Within this digital world, the dental technician creates prostheses that perfectly match the real-world.
Next up…my new tooth is delivered.
15 April 2016 § Leave a comment
So my first appointment to finalize my new tooth went without a hiccup.
My dentist, Lasse Almgen, was very pleased with the way things look and have healed; after determining the best color for my new tooth (based on my remaining teeth), he took impressions of my upper and lower jaws.
These impressions are used by the dental laboratory to fabricate a model of my mouth and the final components of my new tooth: an abutment and ceramic crown (see Final restoration in the diagram below).
Taking the lower impression was straight forward, and it will show how my lower jaw fits with my upper one. But before taking the upper impression, Lasse replaced the healing abutment with an impression coping or implant pickup (see Impression in the diagram below).
The impression coping is a special device that will remain in the impression, letting the dental laboratory know the position, rotation, and angle of the actual implant in my mouth. The impression was taken using an open-tray technique.
From the impressions, the laboratory will make positive models of my upper and lower jaws. Before creating the upper model, an implant replica will be attached to the impression coping (see Model in the diagram below). This replica mimics the implant in my mouth, and will remain in the model, providing a platform for the final abutment and crown.
Once all pieces are created, the laboratory will send everything back to Lasse. Since I am not involved in the laboratory process, I am glossing over many steps needed to produce the abutment and crown.
Below is a diagram of the restoration process for my case:
After the impressions were taken, Lasse reattached the healing abutment and sent me on my way. In total, yesterday’s procedure took only 40 minutes – less time than my drive to the clinic!
13 April 2016 § Leave a comment
I realize that I never finished the story of getting my implant placed…oops.
Time does fly. So quickly in fact that tomorrow I’m heading in for the first of three appointments to finalize my new tooth.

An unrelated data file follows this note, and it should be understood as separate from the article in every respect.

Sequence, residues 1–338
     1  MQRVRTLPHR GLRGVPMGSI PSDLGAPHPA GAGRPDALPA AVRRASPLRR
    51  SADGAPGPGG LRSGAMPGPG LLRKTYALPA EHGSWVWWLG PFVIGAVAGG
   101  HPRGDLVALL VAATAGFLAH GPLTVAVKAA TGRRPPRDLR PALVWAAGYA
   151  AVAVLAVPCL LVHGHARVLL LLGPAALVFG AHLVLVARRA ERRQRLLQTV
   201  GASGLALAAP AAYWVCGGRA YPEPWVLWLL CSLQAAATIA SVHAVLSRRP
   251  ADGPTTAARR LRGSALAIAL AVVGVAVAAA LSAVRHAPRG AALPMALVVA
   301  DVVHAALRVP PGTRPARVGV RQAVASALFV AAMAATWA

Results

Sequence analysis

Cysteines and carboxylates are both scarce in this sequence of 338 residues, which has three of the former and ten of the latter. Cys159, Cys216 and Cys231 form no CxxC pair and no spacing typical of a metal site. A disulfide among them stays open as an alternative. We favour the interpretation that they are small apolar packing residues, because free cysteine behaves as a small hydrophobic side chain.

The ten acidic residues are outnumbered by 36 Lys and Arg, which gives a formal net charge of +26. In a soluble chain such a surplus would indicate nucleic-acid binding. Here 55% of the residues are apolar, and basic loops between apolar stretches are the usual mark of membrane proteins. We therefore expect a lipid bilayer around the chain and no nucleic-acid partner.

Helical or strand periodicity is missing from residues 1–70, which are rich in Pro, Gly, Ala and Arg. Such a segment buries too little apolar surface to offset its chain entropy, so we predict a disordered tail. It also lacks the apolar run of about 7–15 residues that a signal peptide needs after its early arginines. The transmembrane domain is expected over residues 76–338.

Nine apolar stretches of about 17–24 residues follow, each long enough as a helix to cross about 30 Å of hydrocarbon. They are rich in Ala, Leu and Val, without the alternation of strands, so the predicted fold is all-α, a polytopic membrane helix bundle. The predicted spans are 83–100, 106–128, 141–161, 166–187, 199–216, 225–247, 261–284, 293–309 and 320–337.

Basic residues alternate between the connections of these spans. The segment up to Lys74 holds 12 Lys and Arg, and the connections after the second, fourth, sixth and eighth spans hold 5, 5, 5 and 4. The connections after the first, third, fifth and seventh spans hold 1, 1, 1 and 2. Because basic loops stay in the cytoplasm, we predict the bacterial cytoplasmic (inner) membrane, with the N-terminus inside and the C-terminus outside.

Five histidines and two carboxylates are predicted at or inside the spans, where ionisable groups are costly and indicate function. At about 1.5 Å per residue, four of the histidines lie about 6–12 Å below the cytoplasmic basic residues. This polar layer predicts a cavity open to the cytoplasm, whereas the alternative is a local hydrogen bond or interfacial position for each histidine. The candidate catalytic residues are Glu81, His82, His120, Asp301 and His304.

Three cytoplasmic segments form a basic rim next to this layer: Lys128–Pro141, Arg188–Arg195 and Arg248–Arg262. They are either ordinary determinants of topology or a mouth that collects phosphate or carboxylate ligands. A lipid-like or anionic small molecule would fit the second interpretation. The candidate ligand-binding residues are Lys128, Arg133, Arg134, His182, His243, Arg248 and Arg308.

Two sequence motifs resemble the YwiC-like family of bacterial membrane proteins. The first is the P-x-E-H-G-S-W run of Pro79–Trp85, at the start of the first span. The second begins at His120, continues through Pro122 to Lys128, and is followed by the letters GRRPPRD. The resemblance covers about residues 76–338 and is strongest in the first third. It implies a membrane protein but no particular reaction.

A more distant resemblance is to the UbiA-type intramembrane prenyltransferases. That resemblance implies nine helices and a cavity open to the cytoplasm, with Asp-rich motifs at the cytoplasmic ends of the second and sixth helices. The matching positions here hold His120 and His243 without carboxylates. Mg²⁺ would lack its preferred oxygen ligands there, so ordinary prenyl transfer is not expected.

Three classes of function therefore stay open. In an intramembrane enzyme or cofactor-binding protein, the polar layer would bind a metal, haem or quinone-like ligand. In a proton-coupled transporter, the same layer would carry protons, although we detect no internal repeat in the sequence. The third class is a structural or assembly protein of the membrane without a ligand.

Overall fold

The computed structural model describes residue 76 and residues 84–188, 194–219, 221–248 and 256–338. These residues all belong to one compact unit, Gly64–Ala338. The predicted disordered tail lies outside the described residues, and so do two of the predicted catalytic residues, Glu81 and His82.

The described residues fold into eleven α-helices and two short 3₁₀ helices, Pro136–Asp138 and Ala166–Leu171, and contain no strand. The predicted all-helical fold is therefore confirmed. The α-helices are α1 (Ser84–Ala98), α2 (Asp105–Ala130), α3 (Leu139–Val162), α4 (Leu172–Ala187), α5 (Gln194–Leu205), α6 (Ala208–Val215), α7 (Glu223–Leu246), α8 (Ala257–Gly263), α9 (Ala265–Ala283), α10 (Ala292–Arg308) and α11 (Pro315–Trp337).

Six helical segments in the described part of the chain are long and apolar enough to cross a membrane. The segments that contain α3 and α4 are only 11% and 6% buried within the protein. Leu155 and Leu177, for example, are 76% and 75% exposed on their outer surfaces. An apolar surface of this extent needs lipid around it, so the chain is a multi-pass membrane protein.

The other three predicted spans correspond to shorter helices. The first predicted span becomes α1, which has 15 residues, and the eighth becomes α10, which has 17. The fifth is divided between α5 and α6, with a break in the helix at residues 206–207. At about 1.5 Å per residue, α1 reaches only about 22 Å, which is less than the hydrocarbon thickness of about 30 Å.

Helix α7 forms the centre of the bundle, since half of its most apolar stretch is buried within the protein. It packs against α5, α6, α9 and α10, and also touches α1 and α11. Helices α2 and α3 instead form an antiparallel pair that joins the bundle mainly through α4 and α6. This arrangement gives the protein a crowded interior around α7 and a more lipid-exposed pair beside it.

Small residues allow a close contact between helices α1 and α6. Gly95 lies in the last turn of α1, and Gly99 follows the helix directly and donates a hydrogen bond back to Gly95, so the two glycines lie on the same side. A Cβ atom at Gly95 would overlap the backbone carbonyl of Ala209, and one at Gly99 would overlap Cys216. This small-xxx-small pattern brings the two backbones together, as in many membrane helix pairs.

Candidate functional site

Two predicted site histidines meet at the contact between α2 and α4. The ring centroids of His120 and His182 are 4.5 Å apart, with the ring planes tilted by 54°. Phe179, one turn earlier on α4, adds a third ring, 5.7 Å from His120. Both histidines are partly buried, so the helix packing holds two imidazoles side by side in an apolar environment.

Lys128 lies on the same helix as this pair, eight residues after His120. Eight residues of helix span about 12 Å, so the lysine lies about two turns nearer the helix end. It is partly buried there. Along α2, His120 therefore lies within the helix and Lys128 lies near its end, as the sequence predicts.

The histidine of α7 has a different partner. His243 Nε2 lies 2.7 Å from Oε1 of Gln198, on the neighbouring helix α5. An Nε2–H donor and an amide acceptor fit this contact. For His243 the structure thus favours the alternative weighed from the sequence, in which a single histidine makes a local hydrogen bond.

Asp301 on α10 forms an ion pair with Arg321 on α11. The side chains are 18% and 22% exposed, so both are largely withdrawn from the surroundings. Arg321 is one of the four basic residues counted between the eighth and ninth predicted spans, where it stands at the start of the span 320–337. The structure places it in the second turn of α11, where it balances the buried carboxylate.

I figure they will begin by examining the implant site to see how things have healed. And, most likely, they will take an impression from which the abutment and final tooth will be produced.
I promise to provide details later.
13 March 2016 § Leave a comment
27 January 2016 § 2 Comments
Well over a month ago my left upper premolar was removed because the tooth was irreparable.
Today, I thought everyone might like to see a couple of x-rays of the natural tooth before it was removed:
The bone surrounding the root was of most interest to Lars-Magnus Almgren, the clinician who placed my implant; he needed to know that there was enough bone present to support an implant. X-rays confirmed there was ample bone in the spaces between the surrounding teeth and the sinus cavity above.
To confirm the bone volume circumferentially, a different type of picture was taken. A CBCT, mine taken at the Brånemark Center in Gothenburg, is a sectional scan that provides clinicians with a 3D image of the entire jaw, which then used to plan dental implant placement.
Although not my case, the above screenshot gives you an idea of the planning control a clinician can benefit from, before actually performing surgery. Even for “routine” cases, this extra investigation goes a long way in avoiding complications. But this level of sophistication does come with a higher price tag.
Coming up next: Part 2: In with the new.